Sunday, November 29, 2009

Motherhood & Apple Pie

Marian Lupu's 12-point plan appears to have a good chance of being accepted by moderate communists and facilitating his election as president. As the title of this post suggests, most of it is so innocuous that it would unite even the most extreme political foes. As nobody would argue that motherhood is a good thimg, so nobody would argue with 'promoting a spirit of dialog and compromise'.

There are some potential barbs among the points however. Point 2 gives the Communists control over the Auditor General's Office and the Central Election Commission. Given the need to (a) investigate white-collar crime committed under communist rule and (b) clean up the electoral process, neither of these moves seems terribly smart.

The 'socially oriented economic policy' of point 3 sounds warm and cuddly, but could actually end up postponing much needed reform in health, pensions, welfare and taxation.

Point 5 talks about communist participation in resolution of the Transnistrian dispute; hard to see how they could make a positive contribution after eight years of failure...

The worst is saved for last; In point 12 Lupu uses emotive language and plays to communist fantasies about Romanian 'iredentism' by promising to preserve Moldova's statehood. A simple and unbiased statement that the AIE wouldn't seek unification with Romania would have sufficed.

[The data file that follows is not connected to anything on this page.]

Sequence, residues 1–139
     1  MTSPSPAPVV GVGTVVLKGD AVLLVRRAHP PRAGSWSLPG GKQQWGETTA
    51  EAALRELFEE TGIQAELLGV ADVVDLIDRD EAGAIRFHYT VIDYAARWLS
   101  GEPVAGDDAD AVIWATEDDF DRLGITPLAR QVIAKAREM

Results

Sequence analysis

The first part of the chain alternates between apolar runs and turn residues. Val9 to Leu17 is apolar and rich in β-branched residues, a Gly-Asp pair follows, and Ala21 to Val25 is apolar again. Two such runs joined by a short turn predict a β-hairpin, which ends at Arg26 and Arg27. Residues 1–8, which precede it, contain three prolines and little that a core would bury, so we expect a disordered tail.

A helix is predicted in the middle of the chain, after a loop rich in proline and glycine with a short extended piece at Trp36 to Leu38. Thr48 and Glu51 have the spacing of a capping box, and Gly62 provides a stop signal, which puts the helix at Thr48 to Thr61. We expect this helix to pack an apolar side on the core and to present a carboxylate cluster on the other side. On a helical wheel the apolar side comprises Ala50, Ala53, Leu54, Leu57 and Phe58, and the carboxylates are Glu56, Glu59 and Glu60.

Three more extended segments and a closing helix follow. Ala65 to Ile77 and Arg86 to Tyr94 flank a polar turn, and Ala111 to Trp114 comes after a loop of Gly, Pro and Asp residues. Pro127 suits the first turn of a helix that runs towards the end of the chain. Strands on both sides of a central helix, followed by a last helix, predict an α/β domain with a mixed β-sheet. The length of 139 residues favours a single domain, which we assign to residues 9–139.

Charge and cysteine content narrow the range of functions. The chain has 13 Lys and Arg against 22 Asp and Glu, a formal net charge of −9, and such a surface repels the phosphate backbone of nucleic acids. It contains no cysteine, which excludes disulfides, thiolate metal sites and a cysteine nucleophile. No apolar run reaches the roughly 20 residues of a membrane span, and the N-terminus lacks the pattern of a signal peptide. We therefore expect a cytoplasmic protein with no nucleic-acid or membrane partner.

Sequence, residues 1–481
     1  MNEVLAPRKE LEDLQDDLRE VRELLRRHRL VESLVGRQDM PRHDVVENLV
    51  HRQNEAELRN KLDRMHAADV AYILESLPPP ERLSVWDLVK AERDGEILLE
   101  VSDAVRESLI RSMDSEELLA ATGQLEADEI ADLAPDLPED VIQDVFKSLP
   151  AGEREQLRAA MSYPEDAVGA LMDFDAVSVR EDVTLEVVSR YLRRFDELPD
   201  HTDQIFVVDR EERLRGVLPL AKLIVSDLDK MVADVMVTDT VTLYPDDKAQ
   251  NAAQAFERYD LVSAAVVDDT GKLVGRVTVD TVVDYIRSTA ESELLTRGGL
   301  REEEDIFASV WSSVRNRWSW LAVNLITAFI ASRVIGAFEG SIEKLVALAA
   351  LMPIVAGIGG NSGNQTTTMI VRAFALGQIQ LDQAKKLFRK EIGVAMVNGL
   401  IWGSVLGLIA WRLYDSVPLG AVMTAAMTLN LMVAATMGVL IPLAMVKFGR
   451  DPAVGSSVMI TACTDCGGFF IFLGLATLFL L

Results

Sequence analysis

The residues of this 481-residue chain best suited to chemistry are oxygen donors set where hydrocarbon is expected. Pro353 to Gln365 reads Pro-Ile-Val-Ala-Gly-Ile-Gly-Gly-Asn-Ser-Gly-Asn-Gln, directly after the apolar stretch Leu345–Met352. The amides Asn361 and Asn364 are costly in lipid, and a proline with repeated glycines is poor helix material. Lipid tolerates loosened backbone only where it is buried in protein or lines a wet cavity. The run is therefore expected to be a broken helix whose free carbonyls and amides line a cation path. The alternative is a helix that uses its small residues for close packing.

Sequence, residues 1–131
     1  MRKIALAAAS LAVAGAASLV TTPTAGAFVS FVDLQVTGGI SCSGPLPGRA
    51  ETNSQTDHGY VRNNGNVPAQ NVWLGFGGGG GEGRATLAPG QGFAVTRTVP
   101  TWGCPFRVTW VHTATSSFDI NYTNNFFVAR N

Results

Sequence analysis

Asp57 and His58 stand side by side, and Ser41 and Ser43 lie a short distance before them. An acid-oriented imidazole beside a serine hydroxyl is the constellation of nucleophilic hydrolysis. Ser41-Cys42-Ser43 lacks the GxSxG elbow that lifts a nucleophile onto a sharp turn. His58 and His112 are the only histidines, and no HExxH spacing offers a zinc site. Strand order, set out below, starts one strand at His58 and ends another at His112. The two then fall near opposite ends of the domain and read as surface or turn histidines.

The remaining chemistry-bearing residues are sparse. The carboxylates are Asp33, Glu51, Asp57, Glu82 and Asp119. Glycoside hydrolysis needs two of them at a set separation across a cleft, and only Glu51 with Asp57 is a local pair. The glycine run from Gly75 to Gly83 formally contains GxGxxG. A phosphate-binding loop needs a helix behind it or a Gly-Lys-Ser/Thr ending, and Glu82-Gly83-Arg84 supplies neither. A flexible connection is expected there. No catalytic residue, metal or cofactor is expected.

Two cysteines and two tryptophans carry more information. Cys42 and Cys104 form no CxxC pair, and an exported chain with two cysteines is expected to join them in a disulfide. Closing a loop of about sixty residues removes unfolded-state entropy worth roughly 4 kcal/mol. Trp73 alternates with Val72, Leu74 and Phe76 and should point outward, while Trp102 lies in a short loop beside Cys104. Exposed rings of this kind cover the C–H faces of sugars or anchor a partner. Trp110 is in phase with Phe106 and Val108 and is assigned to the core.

In summary, Lupu has made some significant concessions to the communists. These are unfortunate but are unlikely to be fatal.

4 comments:

  1. Both moves in point 2 are already provided in a law enacted back in 2005. Everyone seems to have forgotten these are already the rules of the game, and not a subject of negotiation. It's like saying: alright, we can agree to respect the Constitution and laws if you agree to give us something in return:-/

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  2. Lucia, were the PCRM likely to be responsible in their stewardship of the two institutions, then allowing the 2005 law to stand would make sense.

    The problem I have is that under the last communist administration the two institutions were placed in the hands of the 'tame' opposition and apparently abused. Why should we expect the PCRM to exercise its role responsibly now?

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  3. In both case the "tame" opposition, if I remember correctly, was PD (Stirbu of the CEC definitely is a PD person), and the PD is now part of the Alliance. That's a slight paradigm shift towards one specific party, don't you think?

    But my concern is not the behavior of the Communists, but that of the AIE: we promise to observe [some] rules of the game if you, Commies, vote - and that's our offer? How responsible is that for a securing a needed dialog?

    I would rather assert that Filat doesn't seem to want Lupu for president and would prefer early elections, and that's where the alliance's cocky behavior originates at. Early elections are not necessarily bad, they may actually turn out great for the Libdems and their leader, the PM.

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  4. ...and not so great for Lupu, especially if he were to remain a mere faction head in parliament without any owned media support for another year.

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